The joint statement reflects our consistent stand on the settlement of the nuclear issue between the DPRK and the U.S. and, at the same time, the commitments of the U.S. and south Korea responsible for denuclearising the whole of the peninsula.
As already known, the issue over which the DPRK and the U.S. have had most serious differences in the ‘verbal commitments’ to denuclearise the peninsula so far was the issue of the former’s right to nuclear activity for a peaceful purpose, to be specific, the issue of the U.S. provision of light water reactors (LWR) to the former.
It was due to these differences that the first phase of the fourth talks held in August last was compelled to go into recess without yielding any desired fruits.
The present U.S. administration, denying in principle the DPRK the right to nuclear activity for a peaceful purpose which pertains to an independent right of a sovereign state, insisted that it could not provide LWRs in any case under the pretext that the DPRK pulled out of the NPT (nuclear Non-Proliferation Treaty) and is no longer member of the IAEA (International Atomic Energy Agency).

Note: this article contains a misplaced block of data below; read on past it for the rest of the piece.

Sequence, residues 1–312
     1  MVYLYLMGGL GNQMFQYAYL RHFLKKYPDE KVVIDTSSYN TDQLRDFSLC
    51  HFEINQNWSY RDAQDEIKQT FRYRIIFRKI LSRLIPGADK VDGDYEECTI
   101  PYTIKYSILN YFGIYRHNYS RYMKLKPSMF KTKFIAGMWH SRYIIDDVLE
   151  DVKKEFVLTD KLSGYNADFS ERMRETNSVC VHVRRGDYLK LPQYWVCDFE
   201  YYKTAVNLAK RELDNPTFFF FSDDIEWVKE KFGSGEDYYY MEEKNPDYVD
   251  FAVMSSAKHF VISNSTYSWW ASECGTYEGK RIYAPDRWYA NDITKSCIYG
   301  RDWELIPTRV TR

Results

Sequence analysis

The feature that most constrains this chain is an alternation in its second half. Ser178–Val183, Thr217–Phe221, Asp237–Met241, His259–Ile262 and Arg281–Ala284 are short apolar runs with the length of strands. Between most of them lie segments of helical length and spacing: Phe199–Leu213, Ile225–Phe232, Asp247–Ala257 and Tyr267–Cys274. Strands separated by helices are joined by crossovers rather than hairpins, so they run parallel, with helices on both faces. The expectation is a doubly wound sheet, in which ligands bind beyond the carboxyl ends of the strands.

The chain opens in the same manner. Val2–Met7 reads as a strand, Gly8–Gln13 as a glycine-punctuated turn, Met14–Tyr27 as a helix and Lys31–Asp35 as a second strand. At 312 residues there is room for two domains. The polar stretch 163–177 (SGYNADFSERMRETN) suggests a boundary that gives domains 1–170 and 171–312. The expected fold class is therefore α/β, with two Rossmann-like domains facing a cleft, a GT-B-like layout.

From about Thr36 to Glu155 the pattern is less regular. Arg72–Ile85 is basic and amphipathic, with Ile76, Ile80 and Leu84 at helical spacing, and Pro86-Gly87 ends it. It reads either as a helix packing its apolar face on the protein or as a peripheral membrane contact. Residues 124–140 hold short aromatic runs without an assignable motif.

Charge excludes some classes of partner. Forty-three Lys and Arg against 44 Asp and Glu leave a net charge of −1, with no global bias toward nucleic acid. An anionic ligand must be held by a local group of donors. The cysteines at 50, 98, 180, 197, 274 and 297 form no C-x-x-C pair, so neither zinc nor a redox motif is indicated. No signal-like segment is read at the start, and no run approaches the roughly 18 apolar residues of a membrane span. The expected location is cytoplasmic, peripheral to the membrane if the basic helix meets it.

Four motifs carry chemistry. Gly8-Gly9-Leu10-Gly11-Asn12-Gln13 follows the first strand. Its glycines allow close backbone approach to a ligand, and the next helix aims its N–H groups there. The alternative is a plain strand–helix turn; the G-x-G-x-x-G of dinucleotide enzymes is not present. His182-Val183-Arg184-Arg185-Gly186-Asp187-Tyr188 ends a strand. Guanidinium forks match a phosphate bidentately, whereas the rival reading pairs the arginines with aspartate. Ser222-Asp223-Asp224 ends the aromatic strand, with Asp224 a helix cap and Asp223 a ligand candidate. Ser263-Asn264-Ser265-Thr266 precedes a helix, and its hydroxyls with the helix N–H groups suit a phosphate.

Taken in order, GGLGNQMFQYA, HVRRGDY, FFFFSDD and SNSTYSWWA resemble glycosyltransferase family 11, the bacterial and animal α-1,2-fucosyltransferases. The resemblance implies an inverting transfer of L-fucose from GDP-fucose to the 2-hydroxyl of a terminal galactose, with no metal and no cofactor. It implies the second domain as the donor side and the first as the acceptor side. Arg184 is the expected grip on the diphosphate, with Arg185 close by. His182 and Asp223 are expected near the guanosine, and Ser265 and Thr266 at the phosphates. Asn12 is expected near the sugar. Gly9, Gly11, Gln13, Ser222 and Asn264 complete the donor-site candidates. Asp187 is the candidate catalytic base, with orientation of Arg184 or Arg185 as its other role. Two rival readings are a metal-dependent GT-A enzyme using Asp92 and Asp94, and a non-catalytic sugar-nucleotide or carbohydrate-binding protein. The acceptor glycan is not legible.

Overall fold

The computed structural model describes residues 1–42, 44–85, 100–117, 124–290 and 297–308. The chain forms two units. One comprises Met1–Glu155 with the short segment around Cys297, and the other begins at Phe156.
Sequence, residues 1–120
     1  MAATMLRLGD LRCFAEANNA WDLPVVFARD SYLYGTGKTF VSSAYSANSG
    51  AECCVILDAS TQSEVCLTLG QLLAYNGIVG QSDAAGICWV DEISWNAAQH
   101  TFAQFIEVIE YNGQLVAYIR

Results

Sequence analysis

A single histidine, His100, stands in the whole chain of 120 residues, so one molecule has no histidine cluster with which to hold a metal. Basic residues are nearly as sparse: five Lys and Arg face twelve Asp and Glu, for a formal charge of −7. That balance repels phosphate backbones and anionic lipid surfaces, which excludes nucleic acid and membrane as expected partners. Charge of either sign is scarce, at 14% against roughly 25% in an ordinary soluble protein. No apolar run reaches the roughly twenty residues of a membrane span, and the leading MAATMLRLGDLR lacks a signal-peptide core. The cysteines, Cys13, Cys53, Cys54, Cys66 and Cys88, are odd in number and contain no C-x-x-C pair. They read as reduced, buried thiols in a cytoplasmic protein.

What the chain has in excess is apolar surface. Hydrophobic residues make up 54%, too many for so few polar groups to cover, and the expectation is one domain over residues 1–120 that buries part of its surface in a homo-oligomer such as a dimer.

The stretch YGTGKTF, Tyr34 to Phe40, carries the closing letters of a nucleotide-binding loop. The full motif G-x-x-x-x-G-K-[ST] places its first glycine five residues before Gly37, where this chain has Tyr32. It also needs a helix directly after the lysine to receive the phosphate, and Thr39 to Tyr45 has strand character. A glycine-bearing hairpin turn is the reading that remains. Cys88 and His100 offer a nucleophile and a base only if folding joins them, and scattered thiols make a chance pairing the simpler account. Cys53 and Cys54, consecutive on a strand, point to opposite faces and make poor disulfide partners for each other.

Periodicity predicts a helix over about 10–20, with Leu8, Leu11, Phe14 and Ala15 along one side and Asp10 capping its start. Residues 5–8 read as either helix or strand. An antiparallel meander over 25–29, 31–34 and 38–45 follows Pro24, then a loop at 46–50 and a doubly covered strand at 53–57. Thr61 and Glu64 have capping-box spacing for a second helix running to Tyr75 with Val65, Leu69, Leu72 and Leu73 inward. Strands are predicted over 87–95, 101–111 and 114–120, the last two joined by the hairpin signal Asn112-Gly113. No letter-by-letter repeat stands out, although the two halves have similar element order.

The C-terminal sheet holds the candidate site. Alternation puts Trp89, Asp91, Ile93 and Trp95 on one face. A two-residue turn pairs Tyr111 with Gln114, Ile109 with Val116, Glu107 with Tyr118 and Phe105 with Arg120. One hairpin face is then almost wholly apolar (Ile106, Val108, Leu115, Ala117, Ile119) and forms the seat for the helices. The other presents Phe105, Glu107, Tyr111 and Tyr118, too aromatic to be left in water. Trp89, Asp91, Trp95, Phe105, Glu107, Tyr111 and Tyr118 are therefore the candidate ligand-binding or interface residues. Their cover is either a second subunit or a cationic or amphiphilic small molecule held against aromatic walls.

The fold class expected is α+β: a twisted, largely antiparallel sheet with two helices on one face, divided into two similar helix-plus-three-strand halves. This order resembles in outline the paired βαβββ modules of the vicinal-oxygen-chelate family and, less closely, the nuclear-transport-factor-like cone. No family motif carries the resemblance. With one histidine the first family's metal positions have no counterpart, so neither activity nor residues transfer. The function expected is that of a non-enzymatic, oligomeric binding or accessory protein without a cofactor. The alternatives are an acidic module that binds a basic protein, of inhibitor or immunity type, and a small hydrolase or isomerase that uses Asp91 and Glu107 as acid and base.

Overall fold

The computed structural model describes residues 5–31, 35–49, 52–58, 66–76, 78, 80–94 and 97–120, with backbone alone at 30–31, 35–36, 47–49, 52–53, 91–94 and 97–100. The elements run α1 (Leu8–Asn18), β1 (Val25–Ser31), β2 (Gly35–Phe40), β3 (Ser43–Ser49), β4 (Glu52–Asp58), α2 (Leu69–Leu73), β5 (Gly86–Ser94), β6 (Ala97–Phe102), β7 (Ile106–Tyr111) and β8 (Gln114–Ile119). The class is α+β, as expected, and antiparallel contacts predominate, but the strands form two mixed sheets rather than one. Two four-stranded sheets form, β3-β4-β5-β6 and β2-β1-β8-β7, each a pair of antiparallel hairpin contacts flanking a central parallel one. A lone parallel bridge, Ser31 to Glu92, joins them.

Opposing this wrong stand of the U.S., we made it clear that the basis of finding a solution to the nuclear issue between the DPRK and the U.S. is to wipe out the distrust historically created between the two countries and a physical groundwork for building bilateral confidence is none other than the U.S. provision of LWRs to the DPRK. We strongly demanded that the U.S. remove the very cause that compelled the DPRK to withdraw from the NPT by providing LWRs to it.
At the talks, all the parties concerned except the U.S. supported the discussion of the issue of respecting the DPRK’s right to nuclear activity for a peaceful purpose and providing LWRs to it.
This time the U.S. delegation got in touch with Washington several times under the pressure of the trend of the situation and had no option but to withdraw its assertion. The six-parties agreed to take harmonious measures to implement phase by phase the points agreed on in the joint statement in accordance with the principle of ‘action for action’ in the days ahead.